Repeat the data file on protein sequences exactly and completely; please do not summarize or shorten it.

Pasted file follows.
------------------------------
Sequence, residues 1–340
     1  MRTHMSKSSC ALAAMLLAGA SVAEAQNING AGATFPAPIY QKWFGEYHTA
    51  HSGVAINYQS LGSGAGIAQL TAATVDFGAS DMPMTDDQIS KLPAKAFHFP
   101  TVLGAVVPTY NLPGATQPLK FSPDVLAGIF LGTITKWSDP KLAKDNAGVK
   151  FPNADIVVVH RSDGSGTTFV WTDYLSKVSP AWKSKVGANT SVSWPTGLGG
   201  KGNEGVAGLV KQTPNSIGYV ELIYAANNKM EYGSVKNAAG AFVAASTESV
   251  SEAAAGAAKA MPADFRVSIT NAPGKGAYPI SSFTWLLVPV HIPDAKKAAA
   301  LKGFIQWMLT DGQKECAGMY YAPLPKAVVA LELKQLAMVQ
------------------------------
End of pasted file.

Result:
Sequence, residues 1–340
     1  MRTHMSKSSC ALAAMLLAGA SVAEAQNING AGATFPAPIY QKWFGEYHTA
    51  HSGVAINYQS LGSGAGIAQL TAATVDFGAS DMPMTDDQIS KLPAKAFHFP
   101  TVLGAVVPTY NLPGATQPLK FSPDVLAGIF LGTITKWSDP KLAKDNAGVK
   151  FPNADIVVVH RSDGSGTTFV WTDYLSKVSP AWKSKVGANT SVSWPTGLGG
   201  KGNEGVAGLV KQTPNSIGYV ELIYAANNKM EYGSVKNAAG AFVAASTESV
   251  SEAAAGAAKA MPADFRVSIT NAPGKGAYPI SSFTWLLVPV HIPDAKKAAA
   301  LKGFIQWMLT DGQKECAGMY YAPLPKAVVA LELKQLAMVQ